DIY “Thanks for Being my Rock” hand carved and stamped card
Dealing with mental health bullshit, I need a lot of support from the people around me to survive and thrive. Even though I don’t trust this task to many, I have my couple that really are life savers. Today’s craft tutorial will be making a card to give to those people in our lives who help us hold it all together. This craft is on the advanced side and might require additional resources which I’ll provide.
Printmaking is one of my favorite art mediums. I LOVE working with tools and my hands. It’s a craft that requires focus so it’s great for distracting and building self confidence. I also love carving, molding, and chipping away at things. If you haven’t tried stamp carving or printmaking before I strongly recommend you do a practice carving. If you want to make the card, but don’t want to do the whole carving deal, you can just trace the image and paint it.
- Design template (click link to download template- note: you’ll notice the text is backwards, this is good)
- Speedball Speedy-Cut 4″X6″
- Black permanent ink pad
- Blank cards and envelopes 5″ x 7″
- Water color paints
- Small paint brush
- Scratch paper to do rough prints on
- Graphite pencil
- Linoleum Cutter
Note: If you do not want to do any carving, just print out the template and trace the image on your cards or water color paper, and paint the design.
First, download and print the template. Then you’re going to cut off excess paper. To transfer the image, take the graphite pencil and shade the backside of the template. Place the template, design facing up, on the speedy-cut, and with a ball point pen or pencil, trace the lines of the design. This should leave an imprint on the speedy-cut. Then with a permanent marker, trace over the transferred image.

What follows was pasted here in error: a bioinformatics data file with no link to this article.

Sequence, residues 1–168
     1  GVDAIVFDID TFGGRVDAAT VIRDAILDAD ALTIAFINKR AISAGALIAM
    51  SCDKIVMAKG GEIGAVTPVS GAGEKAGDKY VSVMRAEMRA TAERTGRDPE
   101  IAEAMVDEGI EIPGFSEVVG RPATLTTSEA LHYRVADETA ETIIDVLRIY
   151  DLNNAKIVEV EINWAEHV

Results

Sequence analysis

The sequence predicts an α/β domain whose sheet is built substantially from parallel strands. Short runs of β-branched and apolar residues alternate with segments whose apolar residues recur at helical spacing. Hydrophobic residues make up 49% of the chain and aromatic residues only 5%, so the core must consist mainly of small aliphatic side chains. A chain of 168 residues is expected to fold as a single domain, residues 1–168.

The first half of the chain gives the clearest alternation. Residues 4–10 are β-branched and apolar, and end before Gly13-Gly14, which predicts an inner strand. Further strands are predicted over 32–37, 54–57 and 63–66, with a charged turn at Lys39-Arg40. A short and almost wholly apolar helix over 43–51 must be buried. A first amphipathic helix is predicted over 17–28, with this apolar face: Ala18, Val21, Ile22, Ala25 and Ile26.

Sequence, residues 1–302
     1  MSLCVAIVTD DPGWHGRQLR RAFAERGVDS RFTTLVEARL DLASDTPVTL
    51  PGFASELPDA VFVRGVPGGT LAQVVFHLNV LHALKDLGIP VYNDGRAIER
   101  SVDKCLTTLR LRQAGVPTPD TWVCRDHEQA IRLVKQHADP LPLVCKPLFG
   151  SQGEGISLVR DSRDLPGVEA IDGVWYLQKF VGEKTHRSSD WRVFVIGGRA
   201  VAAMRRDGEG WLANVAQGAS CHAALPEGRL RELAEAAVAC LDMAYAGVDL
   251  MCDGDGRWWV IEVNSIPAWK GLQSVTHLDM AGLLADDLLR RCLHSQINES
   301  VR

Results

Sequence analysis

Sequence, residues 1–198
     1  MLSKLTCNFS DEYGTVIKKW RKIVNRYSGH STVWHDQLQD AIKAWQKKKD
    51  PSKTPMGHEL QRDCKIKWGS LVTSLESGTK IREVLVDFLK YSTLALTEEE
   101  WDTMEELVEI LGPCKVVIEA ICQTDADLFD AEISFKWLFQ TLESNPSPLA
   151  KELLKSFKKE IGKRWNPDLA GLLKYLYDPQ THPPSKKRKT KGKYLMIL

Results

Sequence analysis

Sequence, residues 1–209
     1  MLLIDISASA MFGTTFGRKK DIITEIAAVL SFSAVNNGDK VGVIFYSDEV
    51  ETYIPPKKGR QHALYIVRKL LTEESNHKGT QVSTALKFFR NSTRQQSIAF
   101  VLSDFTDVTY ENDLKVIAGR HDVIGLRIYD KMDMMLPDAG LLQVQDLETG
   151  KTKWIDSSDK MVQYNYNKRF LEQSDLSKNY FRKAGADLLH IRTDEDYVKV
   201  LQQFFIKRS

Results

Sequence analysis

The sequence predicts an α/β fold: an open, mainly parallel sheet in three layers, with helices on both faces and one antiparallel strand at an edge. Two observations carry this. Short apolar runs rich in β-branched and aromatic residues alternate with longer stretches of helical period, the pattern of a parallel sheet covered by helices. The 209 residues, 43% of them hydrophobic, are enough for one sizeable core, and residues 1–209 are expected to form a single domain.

Now, you’re ready to start carving! I always start with the smallest cutting tool, and I go around the smallest areas first. If you’ve never done any carving before, you can use a big eraser to practice on. That way you can get a feel for the carving. Once you’ve carved most of the detailed parts, you can start using one of the larger sized carving tips to get rid of the larger chunks.
Once you’ve finished carving, flip the easy carve over, grab a ruler, and a permanent marker to add guide lines. I make one vertical line going down the center, one horizontal line through the center, and then two more horizontal lines, one on either side of the center line. This makes it a little easier to line up when you go to print on the paper.
Then, cut some of the excess easy carve, but be sure to leave enough of a border for you to grab.
Now, do a rough print on your newspaper or scratch paper. Make sure you use an ink pad that is a permanent ink, otherwise the water color painting will cause the ink to bleed. Since the carving/stamp is kind of big, instead of placing the stamp on top of the ink pad, press the ink pad over the design. You should be able to see if there is more carving that needs to be done, and there usually is. Once you pull a print that looks good, you can leave the stamp as is, or separate it into pieces. I cut the stamp into three different pieces, as seen in the pictures. It makes it a lot easier to put the right amount of pressure on each section.
After you’ve done your prints, you’re ready to start painting! I’m a big fan of doing rough prints and playing around with the painting before using the cards.
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